Archives for April 2005

Follow These Leaders

As part of their research on leadership development, Queen’s IRC Facilitator Françoise Morissette (FM) and fellow consultant Amal Henein (AH) have interviewed 200 leaders from across Canada: executives, entrepreneurs, politicians, civil servants, fundraisers, activists, artists, journalists, athletes, coaches. While their book, Leadership Development, Maple Leaf Style, is slated for publication in 2006, they gave us an early view of some findings to date.

Your research focuses on what leaders do as opposed to who leaders are: you judge the outcome rather than a set of character traits.

AH: Getting results is of prime importance: that is the ultimate measure of leadership. If leaders don’t accomplish what they set out to do, people will not follow them for long. You can have leadership charisma galore, but if you don’t have followers you’re not a leader. Sometimes leaders get caught up in chasing a vision and when they look around, they need binoculars to see their followers because they have lost touch.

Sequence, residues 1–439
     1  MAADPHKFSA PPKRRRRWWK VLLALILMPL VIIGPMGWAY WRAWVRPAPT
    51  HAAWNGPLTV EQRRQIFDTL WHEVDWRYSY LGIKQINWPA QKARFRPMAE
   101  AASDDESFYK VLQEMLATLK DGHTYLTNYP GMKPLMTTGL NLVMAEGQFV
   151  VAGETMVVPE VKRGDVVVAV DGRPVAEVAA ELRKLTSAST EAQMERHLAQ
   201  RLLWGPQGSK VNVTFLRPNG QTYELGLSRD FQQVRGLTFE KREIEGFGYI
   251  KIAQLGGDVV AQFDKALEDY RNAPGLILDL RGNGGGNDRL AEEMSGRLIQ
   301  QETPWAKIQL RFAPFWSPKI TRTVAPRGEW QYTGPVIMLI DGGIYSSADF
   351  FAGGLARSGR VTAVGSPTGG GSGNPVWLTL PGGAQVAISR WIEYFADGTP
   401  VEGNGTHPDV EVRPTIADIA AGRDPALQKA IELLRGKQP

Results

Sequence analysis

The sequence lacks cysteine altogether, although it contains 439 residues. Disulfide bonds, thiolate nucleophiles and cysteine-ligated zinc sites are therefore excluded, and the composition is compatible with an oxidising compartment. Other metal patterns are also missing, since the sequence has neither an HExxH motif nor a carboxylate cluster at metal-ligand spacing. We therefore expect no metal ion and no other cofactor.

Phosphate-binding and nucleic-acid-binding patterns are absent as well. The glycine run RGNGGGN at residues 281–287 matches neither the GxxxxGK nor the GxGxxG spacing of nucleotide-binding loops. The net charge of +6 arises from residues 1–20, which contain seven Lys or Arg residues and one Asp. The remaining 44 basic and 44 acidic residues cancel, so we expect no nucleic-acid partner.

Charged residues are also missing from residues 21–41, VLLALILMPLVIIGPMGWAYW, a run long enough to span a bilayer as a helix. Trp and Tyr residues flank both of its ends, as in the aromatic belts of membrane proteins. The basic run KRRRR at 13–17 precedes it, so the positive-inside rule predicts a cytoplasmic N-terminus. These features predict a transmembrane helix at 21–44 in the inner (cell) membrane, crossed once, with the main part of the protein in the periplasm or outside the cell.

What are some of your findings?

FM: One of the most interesting finding is that only one-third of interviewees feel they were “born to lead” and have an innate interest or ability in leadership. By contrast, two-thirds claim that leadership was” thrust upon them”. Typically, they say, “I never wanted or set out to be a leader. I had to take on a leadership role because nobody else would do it,” or “I deeply believed in a cause,” or “I really wanted to help.”

This breakdown has profound implications on how we view leadership and its development. It certainly flies in the face of the old adage that “leaders are born, not made.” Instead of focusing on how to identify “born” leaders – which is easy enough to do – the question becomes: how do we create conditions so that more people will take on leadership roles? If the majority of people do not initially see themselves as leaders, then development is key: “Nurture” primes over “Nature”.